Digital accessibility is a complex field in which there is often no one correct answer. If the consultant's advice seems strange or illogical, feel free to ask what he or she is basing it on.

Also feel free to ask for "clean" error reports. Sloppily prepared accessibility reports are unfortunately common in the industry: Error reports without screenshots, missing references to the guidelines, no references to sources when solutions are suggested and so on.

Where does the expertise lie?

As described above, it will often happen that there is only one person in the project who has enough knowledge about accessibility to be able to steer or advise projects. Let's play through the different scenarios.

As a contractor, you have the task of getting deep enough into accessibility. If you say you will deliver accessibility, then you must deliver it. If you don't implement accessibility cleanly, you will harm yourself in the medium term. Word will get out in the industry and the economic damage could be great because you will be seen as unreliable in your other fields of activity.

If you have accessibility expertise within the agency, it will very often be the case that you not only manage and advise internally but also the client on accessibility.It will be very common, due to the lack of accessibility experts, that the client and other service providers involved are at best rudimentary, at worst not in the topic at all. This is not good news, because it can drastically increase your workload because you have to explain a lot. It also increases the pressure on you to do everything right, because the other participants will blame you if there are problems.

It would therefore make sense to conduct a basic training for all participants.In one or two hours you can explain the essential requirements of accessibility, the regulations and key documents.This should be enough for the other stakeholders to read up further or receive more in-depth training if they wish.You should also allow enough time in the meetings and for the documents to explain actions or issues.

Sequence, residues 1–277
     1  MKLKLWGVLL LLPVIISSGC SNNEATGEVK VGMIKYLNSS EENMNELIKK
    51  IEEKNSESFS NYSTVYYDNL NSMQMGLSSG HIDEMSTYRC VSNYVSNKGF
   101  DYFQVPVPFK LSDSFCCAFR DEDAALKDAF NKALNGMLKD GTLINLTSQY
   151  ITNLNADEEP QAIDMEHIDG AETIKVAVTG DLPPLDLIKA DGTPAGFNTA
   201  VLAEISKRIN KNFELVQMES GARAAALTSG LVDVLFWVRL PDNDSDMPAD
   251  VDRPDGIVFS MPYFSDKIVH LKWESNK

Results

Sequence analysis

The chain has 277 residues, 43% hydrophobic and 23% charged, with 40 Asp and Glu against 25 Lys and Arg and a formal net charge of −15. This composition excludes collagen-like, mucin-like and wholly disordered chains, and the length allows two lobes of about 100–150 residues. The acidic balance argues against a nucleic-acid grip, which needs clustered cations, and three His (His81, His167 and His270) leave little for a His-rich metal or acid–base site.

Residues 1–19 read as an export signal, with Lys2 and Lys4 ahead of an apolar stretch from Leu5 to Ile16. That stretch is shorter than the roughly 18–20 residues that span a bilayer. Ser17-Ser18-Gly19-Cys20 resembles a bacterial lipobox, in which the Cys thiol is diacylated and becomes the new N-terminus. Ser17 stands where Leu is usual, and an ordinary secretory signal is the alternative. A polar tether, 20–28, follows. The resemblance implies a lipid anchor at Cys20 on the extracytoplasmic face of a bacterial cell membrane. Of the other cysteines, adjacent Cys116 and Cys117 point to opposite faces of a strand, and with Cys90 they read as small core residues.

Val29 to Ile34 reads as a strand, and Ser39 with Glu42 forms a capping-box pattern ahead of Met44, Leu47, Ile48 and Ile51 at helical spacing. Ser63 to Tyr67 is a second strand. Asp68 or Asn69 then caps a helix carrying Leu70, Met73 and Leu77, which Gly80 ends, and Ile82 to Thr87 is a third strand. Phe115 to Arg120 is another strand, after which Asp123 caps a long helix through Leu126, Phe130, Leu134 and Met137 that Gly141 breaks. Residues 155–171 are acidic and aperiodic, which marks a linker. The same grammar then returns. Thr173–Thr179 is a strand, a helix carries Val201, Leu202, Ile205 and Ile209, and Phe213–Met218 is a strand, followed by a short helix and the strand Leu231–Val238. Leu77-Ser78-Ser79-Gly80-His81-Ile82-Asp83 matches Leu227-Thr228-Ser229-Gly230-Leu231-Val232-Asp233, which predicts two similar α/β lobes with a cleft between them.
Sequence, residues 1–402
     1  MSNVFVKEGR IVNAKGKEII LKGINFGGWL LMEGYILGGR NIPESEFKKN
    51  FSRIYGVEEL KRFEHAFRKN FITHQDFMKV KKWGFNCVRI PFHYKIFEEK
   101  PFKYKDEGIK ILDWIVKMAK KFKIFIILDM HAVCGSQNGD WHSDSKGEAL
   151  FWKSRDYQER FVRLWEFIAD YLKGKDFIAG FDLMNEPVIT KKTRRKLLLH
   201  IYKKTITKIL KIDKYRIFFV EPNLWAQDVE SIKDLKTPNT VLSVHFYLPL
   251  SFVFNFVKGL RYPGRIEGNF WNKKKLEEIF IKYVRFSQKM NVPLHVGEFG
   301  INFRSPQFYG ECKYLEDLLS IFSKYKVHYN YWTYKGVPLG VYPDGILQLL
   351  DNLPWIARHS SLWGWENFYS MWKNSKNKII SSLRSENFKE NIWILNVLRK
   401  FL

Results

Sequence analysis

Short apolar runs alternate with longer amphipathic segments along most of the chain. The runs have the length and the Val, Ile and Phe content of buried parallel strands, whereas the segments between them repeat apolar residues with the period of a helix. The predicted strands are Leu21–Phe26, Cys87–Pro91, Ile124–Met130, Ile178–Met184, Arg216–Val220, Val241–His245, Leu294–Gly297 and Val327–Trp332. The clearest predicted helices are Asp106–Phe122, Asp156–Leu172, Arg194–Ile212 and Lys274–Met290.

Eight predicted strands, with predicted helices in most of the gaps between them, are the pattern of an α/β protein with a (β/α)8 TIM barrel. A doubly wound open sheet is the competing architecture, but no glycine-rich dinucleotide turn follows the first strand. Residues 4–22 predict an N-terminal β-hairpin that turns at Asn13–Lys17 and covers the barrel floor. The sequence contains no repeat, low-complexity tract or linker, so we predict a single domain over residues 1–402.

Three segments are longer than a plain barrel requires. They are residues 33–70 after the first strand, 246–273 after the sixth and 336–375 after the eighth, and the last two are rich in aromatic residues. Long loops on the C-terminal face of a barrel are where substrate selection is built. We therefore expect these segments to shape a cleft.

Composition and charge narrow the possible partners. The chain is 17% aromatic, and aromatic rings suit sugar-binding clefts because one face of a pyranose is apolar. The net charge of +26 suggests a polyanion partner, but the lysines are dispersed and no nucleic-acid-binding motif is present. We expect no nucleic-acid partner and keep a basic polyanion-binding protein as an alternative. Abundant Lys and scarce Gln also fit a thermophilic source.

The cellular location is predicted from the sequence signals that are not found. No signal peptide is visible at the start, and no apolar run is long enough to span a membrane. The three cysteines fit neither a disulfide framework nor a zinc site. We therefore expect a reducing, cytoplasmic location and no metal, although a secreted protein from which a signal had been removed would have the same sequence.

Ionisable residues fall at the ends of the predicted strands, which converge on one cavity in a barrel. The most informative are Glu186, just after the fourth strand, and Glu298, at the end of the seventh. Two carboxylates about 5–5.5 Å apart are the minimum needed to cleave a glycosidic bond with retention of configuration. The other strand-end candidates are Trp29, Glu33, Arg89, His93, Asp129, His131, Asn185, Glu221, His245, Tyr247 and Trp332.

There is also the reverse case: the client has the expertise and the service provider does not.In this case, control of the service provider and quality assurance are important.As described above, in the medium term it makes sense for as many persons as possible to have basic knowledge.The experts should be competent in their own field to the extent that they do not have to constantly do research.

This also applies to the AG. The point is to be informed and not to decide on the basis of gut feeling, especially in the case of specific problems. It does not make sense to transfer the entire responsibility to the contractor: you as the client will always be at a disadvantage if you cannot assess the accessibility of a service at all.In the end, the operator is always held responsible for inadequate accessibility.

Often, an external consultant is brought in by the service provider or the client.Consultants can interpret their role in different ways.I myself see myself more as an advisor than as a controller: that is, I give advice and describe problems.The task of steering and decision-making lies with the organisation that has commissioned me. As explained elsewhere, the consultant often lacks information.He only has access to the documents that are made available to him.He does not know the relationships within the other organisations involved, nor does he know the relationship between the client and the service provider.He is usually not involved in meetings between the client and the contractor. In addition, he is often not involved beyond the overall project.For these reasons, he also has little authority over the processes.Therefore, it is rarely possible for him to control the project in detail.

Accessibility Specialist and Consulting